How to become a better musician by figuring out music by ear
Digital sheet music. YouTube lessons. Guitar tab sites. Today, it’s easier than ever to learn to play a new song you’ve just discovered. This is incredibly convenient of course, especially for beginner musicians. But it also has a downside. Having access to all those great resources has made it easier than ever to neglect an important skill: figuring out music by ear. StringKick founder Just Rijna explains how learning music by ear will help you to grow as a musician.

Drawing vs. Tracing a Picture

Say you want to copy a picture of a duck. Compare these two approaches:

Approach 1: You put a piece of paper over the original drawing and trace all the lines.

Approach 2: You carefully look at the original image and try to recreate it by drawing it yourself.

In both approaches, you’ll end up with a drawing of something resembling a duck. But though the final result might be quite similar, it matters how you got there. What if you were asked to draw that same picture a week later? If you went with approach 2 and drew the animal yourself, you’d probably do a much better job than when you simply traced the lines (approach 1). You’d have a much clearer idea of the shapes, proportions, lines and so on. Even if your drawing last week looked horrible, you probably still learned more than if you’d simply traced the picture.

How to become a better musician by figuring out music by ear

The Three Steps of Figuring out Music by Ear

Learning a song from a lesson video or guitar tab is a lot like tracing a drawing. You might get a good result faster, but you don’t learn as much, because you’re skipping a few steps. When you figure out music by ear, you go through three steps:

Step 1

You listen as closely as possible and try to accurately ‘record’ in your brain what you’re hearing. You’re training yourself to listen intently and to correctly hear everything down to the smallest detail.

Step 2

You have the sound in your head and figure out what your fingers need to do to get that sound out of your instrument.

Step 3

Once you know what your fingers need to do, you practice actually playing the song correctly.

When you use tab or a video, you’re skipping the first two steps. And that’s a shame, because you can learn a lot from those two steps.

How to become a better musician by figuring out music by ear

Hearing in Greater Detail

Step 1 – listening intently to the music – gives you a much better idea of what’s happening in the song. This step helps your ears to hear in greater detail. For example, in fast licks, you’ll increasingly hear each individual note, rather than a blur of notes. You may hear instruments you hadn’t noticed before because they’re a bit ‘hidden’ in the mix. Also, untrained ears often have trouble hearing the bass (guitar) properly, but by learning music by ear, you’ll get better and better at it.

Playing What You Hear

In Step 2, you train yourself to translate what you hear in your head to your instrument. This may seem like a skill that you either have or don’t have, but it’s just a matter of practice. Consider this: when you hear a song on the radio, you can sing or hum along to the melody pretty quickly. Somehow, you know how to manipulate your vocal cords to produce (roughly) the right pitches. Playing music by ear is basically the same thing, but instead of your voice, you use an instrument. When you’re just starting out, translating what you hear in your head to your hands is slow and involves a lot of trial and error. But as you get more experienced, it will get faster and faster and feel more and more natural. Being able to play what you hear ‘in your mind’ gives you an enormous sense of musical freedom. It will help you in almost all your musical activities: from songwriting and rehearsing to improvising and performing on stage.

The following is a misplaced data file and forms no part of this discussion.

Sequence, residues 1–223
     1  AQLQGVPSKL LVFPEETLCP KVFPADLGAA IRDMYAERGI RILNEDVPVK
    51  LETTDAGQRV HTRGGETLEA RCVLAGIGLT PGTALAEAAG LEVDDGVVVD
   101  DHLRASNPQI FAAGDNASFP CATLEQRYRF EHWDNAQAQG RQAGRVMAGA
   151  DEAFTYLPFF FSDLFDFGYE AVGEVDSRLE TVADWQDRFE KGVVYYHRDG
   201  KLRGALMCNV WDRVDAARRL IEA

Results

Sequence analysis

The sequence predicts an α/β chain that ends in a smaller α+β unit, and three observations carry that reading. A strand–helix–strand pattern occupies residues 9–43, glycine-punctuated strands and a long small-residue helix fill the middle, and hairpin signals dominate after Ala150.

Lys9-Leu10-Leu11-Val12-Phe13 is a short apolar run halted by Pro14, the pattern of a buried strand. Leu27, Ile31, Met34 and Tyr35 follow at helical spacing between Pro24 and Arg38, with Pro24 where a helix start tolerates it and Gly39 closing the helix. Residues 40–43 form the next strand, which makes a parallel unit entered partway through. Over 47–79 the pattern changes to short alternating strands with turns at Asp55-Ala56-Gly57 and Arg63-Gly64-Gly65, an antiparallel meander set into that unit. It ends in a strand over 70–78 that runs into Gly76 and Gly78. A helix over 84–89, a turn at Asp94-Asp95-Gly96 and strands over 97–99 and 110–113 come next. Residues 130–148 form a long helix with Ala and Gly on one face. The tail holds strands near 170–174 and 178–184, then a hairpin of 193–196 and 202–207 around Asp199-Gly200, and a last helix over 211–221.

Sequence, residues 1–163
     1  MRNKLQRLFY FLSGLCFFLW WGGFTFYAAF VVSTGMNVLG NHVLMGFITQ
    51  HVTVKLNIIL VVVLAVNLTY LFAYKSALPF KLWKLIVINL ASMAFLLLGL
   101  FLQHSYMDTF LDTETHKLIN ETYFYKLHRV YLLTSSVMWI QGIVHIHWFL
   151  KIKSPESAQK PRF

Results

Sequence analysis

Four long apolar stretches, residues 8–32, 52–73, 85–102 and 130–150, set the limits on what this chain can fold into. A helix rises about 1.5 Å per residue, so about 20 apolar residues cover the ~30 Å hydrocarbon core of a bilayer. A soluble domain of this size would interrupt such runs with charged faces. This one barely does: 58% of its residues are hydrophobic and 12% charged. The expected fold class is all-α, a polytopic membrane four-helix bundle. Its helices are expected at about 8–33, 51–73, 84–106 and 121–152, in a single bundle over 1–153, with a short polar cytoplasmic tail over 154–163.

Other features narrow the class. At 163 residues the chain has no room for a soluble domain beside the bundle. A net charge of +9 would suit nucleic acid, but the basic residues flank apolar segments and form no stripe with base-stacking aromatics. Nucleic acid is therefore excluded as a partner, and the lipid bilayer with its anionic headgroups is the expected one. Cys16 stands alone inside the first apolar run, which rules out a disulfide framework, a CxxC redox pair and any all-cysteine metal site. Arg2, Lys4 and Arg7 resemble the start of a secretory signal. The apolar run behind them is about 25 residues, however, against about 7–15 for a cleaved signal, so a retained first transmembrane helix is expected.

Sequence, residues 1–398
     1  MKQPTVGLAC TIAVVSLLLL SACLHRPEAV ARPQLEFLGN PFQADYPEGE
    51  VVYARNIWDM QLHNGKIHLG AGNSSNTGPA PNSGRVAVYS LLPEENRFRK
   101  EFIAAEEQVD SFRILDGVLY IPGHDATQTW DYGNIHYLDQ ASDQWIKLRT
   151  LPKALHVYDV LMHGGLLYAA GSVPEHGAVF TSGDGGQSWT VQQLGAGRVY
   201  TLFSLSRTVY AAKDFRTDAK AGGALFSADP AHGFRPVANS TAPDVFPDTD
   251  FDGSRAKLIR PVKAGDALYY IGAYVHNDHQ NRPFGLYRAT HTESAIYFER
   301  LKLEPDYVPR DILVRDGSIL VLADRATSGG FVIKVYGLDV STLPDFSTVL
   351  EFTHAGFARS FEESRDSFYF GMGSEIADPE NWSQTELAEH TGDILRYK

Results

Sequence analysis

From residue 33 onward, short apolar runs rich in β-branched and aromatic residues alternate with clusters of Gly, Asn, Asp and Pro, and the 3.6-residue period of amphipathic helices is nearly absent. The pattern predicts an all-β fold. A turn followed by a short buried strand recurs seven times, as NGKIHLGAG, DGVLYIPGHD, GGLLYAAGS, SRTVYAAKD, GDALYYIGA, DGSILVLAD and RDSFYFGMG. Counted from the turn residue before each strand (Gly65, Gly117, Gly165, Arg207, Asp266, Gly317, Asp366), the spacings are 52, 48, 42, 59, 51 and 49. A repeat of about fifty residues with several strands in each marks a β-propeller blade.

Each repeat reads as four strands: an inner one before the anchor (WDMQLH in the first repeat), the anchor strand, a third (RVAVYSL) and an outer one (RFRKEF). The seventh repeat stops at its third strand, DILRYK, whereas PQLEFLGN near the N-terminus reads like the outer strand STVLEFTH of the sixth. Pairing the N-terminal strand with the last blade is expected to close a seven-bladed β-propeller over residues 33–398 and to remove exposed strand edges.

Explore What Makes You Unique

It may take a little more effort to figure out music by ear, but it has huge benefits. Not only does it make you a better musician, but you are no longer dependent on something or someone else when you want to explore new music. From the most obscure bands, to intro tunes from tv shows or podcasts, to movie soundtracks, or even video game music. You can determine your own path and explore any music that appeals to you. In short, having well trained ears enables you to follow your own taste: that which makes you a unique musician.

See also

» Transpose Music Yourself in 3 Steps
» Finding the Chords Yourself & Figuring Out the Song
» Diminished, Augmented & Seventh Chords: Learn Them Here!
» Understanding Chord Progressions: Intervals, Leading Notes & Tension
» The Pentatonic Scale: Easy to Learn
» Tips to Help You Memorise Sheet Music
» Reading Music: Rhythm, Tempo & Measure
» Learning to Read Music: The C-Major Scale

Guest blogger Just Rijna (StringKick)
Just Rijna is a musician and founder of StringKick, an online training academy for guitarists. StringKick features articles and practical courses that will help you train your ears, better understand the guitar fretboard and develop your musicality. Want to know more about learning music by ear and how to get started with ear training? Check out this article about Guitar Ear Training.
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